experience: “hard work, humour, romance, and a little tsuris (aggravation).” Other participants include the fourth generation family members who operate the shop today. The film also features Herman Vargas, aka “The Artistic Slicer,” longtime employee, now manager, who represents the new wave of immigrants behind the Russ & Daughters counter. North Moore caters cocktail parties, weddings, post-wedding brunches, dinners at your home, corporate events or any other occasion that requires a caterer. Past events have included cocktail parties with guest lists of 1500, as well as intimate dinner parties. “We are a full service catering company that takes care of the rentals, linen selection, floral, decor, backdrops, head table decor, wedding cakes and favours,” says general manager Sandra Doyle-Holden. “We assist with timeline, floor plan and planning. We take great pride in everything we do and do our best to ensure every event is perfect.”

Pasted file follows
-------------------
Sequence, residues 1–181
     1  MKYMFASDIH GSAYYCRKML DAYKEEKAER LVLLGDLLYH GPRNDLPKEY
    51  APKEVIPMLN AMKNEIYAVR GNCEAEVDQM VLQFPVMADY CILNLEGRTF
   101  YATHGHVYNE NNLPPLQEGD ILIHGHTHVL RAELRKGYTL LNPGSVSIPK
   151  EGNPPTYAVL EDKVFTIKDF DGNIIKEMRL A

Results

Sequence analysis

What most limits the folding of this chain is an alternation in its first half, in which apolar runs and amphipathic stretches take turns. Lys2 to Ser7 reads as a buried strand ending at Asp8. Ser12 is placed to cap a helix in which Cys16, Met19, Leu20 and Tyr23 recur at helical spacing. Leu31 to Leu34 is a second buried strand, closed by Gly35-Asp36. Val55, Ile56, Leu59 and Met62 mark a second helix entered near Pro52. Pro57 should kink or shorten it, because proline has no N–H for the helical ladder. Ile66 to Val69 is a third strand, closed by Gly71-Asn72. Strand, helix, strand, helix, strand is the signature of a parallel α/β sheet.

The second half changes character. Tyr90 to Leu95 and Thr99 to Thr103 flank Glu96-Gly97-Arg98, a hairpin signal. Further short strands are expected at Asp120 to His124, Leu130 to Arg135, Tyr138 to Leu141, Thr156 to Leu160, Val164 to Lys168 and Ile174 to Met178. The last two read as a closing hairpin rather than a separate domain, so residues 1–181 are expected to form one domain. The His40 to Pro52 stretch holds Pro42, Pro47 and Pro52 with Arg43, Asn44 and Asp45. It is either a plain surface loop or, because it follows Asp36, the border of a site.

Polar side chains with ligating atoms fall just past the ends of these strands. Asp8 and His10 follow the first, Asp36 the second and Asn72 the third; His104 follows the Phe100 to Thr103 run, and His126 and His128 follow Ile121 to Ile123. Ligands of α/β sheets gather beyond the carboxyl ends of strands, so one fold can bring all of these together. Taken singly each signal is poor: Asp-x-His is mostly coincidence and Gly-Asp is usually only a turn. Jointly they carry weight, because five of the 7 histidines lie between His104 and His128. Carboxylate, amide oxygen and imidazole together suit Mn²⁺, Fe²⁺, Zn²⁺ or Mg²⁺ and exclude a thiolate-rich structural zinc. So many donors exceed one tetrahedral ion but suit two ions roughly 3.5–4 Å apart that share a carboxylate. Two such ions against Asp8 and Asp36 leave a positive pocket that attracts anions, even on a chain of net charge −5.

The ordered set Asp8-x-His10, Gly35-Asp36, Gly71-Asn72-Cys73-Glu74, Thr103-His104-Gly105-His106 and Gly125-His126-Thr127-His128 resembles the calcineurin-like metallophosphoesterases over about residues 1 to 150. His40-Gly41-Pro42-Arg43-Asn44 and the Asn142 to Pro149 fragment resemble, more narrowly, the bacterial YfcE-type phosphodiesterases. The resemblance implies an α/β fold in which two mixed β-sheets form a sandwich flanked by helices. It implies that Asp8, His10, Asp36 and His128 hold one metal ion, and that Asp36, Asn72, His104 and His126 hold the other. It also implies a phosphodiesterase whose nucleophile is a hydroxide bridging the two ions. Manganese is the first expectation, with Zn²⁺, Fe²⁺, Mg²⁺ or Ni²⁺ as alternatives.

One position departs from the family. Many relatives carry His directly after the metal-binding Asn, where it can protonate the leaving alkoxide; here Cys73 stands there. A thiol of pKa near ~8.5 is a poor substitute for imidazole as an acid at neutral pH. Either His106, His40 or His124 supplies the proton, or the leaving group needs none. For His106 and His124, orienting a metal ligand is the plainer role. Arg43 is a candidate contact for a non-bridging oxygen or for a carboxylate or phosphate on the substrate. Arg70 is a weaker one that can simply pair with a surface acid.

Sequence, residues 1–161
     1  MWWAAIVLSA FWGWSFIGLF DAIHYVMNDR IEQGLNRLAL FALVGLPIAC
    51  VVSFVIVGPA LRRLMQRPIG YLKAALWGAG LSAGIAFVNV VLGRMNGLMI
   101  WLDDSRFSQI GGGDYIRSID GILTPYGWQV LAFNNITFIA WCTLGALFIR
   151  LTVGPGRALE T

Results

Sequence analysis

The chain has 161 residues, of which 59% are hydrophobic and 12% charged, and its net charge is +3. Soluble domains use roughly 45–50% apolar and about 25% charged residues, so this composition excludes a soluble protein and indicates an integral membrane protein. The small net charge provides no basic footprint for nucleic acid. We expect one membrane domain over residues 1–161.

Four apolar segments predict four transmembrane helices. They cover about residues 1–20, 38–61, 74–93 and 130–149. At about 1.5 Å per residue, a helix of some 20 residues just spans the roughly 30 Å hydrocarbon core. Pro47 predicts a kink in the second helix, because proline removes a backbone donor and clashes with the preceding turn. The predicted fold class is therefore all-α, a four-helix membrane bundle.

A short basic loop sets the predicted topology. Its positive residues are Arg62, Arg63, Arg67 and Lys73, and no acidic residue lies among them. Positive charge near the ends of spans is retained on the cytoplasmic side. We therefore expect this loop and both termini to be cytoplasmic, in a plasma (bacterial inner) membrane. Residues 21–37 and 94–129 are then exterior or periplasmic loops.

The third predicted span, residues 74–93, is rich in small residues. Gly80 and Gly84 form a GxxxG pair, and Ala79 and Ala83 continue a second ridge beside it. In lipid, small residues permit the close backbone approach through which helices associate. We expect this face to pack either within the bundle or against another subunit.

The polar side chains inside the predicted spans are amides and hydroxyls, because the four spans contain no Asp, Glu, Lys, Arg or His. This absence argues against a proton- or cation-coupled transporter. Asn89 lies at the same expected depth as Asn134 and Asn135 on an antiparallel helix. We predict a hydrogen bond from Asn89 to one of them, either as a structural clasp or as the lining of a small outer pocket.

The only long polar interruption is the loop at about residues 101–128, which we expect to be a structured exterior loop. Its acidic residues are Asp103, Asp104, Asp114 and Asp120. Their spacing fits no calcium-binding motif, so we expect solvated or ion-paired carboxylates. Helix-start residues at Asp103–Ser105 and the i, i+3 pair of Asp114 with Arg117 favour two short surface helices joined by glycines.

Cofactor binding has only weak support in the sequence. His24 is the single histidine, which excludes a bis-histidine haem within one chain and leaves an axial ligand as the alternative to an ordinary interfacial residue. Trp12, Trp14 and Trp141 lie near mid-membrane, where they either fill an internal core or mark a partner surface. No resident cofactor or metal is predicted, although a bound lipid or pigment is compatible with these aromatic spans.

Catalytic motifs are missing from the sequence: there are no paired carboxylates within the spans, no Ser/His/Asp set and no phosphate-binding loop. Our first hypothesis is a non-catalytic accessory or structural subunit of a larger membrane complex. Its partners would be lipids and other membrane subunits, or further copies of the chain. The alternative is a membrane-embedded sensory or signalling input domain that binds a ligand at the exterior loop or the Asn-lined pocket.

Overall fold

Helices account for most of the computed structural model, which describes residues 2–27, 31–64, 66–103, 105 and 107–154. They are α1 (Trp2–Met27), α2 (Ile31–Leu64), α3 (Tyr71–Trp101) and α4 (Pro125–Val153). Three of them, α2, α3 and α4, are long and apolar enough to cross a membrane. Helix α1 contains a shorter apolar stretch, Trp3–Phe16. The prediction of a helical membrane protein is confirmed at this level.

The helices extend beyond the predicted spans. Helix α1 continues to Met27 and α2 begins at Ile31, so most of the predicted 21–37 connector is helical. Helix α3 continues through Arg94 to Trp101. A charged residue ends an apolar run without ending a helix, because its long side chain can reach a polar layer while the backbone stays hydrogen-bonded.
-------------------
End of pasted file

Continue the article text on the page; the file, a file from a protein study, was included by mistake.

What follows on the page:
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North Moore Catering 519-697-2560 Venues: The River Room / Rhino Lounge; Museum London; Mercedes London;  Farhi Farms; Civic Garden Complex; Centennial Hall; Michael Gibson Gallery;  Children’s Museum www.; The Grand Theatre www.; Fanshawe Pioneer Village, Fanshawe Conser­ vation Area, Old Century Barn.

Rhino Lounge Bakery & Coffee Shoppe Museum London, Ridout Street North 519-850-5111 monday–sunday: 9 am–5 pm thursdays: 9 am–9 pm The River Room Café Museum London, Ridout Street North 519-850-2287 monday—friday: 9 am–4 pm sunday for brunch The River Room is also open evenings for private dining events.